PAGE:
Deadline for submission – Monday 17th May, 2021 18:00. Full details below.
FACE members have been working with the Graduate Fashion Foundation to create the Black Excellence Prize. Our aim from the start has been to amplify Black creativity as a broad and limitless possibility and inspire all young Black and Brown creatives to find belonging in a prize that recognises their unique contribution to style, culture, fashion and society.
Open to all Black and Brown final year students in any BA fashion related course in the UK, the winner will be presented with their prize as part of the prestigious annual Graduate Fashion Week Awards to be held on Friday 18th June, following two rounds of judging panels.
The award will be judged by an esteemed industry panel
The award will be judged by an esteemed industry panel of; NewGen Prize-winning and LVMH Award Shortlisted Designer Bianca Saunders, Creative Director and Cultural Curator Harris Elliott and Designer, Educator and Co-Founder of FACE Andrew Ibi.
For the first time in its 30-year history, this particular prize is open to all further education institutions
For the first time in its 30-year history, this particular prize is open to all further education institutions and not just those that are members of the Graduate Fashion Foundation. FACE are keen to ensure that we can reach all our young creatives nationwide. Students are able to nominate themselves by submitting their final projects alongside video or written statements in support of their work.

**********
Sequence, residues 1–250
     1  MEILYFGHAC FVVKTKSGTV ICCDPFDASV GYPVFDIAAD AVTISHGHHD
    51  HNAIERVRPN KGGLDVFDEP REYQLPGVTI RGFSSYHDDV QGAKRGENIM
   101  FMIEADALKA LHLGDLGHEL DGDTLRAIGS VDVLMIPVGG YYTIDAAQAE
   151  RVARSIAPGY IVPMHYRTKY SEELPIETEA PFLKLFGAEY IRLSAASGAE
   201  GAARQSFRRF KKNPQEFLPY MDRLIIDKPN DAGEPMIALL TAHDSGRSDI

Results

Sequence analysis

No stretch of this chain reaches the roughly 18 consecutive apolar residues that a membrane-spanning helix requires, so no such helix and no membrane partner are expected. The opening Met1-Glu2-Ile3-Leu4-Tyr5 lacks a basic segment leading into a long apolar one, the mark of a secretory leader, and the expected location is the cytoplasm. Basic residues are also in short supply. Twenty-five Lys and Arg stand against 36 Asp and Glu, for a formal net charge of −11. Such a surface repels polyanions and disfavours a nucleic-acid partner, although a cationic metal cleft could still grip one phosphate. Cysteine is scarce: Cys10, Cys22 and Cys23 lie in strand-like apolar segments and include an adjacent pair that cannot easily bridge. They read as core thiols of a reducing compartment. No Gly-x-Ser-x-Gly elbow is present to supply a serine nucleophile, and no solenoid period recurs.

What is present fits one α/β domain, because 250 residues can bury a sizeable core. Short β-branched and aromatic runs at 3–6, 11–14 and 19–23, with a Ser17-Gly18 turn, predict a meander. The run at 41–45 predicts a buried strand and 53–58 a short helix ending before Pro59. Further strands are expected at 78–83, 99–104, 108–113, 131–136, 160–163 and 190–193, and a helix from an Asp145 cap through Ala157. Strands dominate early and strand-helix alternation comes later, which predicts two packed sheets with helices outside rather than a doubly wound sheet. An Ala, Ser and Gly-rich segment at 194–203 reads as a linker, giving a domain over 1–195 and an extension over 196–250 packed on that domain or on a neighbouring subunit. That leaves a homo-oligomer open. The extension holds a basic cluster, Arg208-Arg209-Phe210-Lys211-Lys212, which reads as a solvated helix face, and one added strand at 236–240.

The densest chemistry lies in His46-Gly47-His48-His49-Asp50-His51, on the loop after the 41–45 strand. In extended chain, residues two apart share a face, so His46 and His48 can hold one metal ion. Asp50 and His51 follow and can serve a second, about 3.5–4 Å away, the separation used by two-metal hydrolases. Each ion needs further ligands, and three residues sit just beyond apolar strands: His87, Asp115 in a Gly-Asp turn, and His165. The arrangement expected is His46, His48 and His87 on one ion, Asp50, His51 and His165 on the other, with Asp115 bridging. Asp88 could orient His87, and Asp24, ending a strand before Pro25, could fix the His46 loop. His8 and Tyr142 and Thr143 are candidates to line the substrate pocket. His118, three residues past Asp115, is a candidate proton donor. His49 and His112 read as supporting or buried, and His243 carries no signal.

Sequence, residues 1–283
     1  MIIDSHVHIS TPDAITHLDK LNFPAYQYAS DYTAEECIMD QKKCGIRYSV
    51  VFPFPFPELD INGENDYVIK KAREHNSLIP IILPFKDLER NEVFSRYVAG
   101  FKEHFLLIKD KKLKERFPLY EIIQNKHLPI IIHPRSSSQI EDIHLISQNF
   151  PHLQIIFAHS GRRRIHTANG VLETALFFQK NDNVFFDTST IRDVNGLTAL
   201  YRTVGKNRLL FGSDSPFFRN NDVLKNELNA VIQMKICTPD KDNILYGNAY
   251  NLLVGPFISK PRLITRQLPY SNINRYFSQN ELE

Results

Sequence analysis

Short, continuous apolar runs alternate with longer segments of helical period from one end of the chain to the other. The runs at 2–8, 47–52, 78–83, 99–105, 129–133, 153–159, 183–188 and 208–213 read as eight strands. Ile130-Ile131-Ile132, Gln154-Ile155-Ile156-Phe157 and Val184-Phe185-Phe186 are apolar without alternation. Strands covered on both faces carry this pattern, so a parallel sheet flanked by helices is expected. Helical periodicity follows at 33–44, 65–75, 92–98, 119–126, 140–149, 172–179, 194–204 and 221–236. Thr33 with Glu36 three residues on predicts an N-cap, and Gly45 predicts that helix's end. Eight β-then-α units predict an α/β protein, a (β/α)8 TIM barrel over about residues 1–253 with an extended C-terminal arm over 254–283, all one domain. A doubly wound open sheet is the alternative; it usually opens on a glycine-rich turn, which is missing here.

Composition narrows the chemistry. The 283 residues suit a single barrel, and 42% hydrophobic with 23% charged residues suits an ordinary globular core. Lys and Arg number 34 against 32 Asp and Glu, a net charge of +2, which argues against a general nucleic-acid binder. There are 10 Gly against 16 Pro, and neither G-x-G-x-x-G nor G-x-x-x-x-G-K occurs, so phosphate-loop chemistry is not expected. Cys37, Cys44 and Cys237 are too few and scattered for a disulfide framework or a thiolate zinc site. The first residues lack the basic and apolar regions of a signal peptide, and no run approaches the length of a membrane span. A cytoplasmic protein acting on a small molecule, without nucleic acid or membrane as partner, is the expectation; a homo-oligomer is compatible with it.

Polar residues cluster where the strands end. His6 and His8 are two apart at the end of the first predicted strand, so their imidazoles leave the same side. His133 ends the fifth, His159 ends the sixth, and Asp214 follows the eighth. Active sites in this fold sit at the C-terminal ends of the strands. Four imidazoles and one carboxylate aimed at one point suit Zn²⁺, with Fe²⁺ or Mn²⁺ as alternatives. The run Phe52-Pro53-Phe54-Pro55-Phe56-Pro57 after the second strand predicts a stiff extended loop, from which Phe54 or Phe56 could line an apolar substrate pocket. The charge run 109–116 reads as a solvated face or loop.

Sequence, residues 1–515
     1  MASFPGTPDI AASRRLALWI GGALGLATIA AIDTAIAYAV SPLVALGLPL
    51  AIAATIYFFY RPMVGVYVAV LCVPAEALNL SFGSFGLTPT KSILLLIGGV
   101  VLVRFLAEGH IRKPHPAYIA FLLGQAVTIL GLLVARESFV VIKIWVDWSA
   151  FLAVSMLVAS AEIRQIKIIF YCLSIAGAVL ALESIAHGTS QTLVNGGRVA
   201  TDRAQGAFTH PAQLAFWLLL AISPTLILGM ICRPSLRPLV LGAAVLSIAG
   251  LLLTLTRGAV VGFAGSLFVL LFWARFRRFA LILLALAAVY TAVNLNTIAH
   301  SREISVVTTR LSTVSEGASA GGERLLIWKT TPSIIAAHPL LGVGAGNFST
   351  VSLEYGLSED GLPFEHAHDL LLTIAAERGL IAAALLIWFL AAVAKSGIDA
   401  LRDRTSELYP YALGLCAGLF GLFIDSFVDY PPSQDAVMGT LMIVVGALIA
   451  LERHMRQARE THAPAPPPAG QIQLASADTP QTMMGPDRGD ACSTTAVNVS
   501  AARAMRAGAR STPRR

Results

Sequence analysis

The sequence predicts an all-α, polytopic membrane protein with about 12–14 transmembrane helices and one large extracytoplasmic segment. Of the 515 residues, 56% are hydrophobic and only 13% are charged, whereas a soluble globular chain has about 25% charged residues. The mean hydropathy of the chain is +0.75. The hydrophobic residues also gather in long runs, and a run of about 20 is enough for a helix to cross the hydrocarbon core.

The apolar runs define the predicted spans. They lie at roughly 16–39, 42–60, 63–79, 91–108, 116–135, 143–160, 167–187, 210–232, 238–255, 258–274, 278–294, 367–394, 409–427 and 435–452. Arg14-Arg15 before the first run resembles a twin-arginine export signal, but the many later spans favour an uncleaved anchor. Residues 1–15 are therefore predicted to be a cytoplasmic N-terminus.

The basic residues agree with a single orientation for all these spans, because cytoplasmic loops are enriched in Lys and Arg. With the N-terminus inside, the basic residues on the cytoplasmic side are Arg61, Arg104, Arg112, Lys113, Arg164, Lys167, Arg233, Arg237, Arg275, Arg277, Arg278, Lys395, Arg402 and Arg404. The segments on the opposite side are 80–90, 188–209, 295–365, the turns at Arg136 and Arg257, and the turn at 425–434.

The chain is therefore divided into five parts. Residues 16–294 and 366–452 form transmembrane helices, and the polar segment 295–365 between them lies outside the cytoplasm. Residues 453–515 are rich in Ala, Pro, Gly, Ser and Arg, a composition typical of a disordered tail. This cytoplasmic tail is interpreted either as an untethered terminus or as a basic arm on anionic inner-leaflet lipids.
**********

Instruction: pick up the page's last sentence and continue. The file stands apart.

FACE are delighted that this award makes visible, the spectrum of Black excellence within a framework of diverse Black and Brown creativity.
Open to all Black and Brown final year students in any BA fashion related course in the UK that could include but is not limited to journalism, marketing, photography, communication, fashion design, textile design, hair and make-up design, styling, creative direction.
Your Institution does not have to be a member of the Graduate Fashion Foundation.
Any one who identifies as non-white: and in a cultural minority in the UK terms of skin tone, ethnicity or heritage may enter.
For this prize students can self-nominate. Tutors are not required to be involved in the selection of student work.
– Please submit your final BA project for consideration.
– You will need to include your Institution, Course and Tutor to be considered.
· Upload a selection of your final project of no more that 15 pages in one continuous PDF.
· You must also either:
o Submit a film of no longer that 59 secs on Instagram detailing the ideas and outcomes of your project with the hashtag #FACEBlackExcellence. Students will not be judged upon the quality of the film submission, but its content and the way in which ideas, personality and mood are communicated as part of the film presentation.
o Or submit a written statement of no more than 500 words detailing the ideas and outcomes of your project
· Page submissions can be a maximum of 10mb.
· No physical products can be submitted, a full digital submission only.
Monday 17th May, 2021 18:00 – Deadline for submission
This is a digital submission of a maximum of 15 pages of your BA project and a filmed hash-tagged Instagram post or written statement. Shortlisted students will be asked to send their full portfolio for final judging in June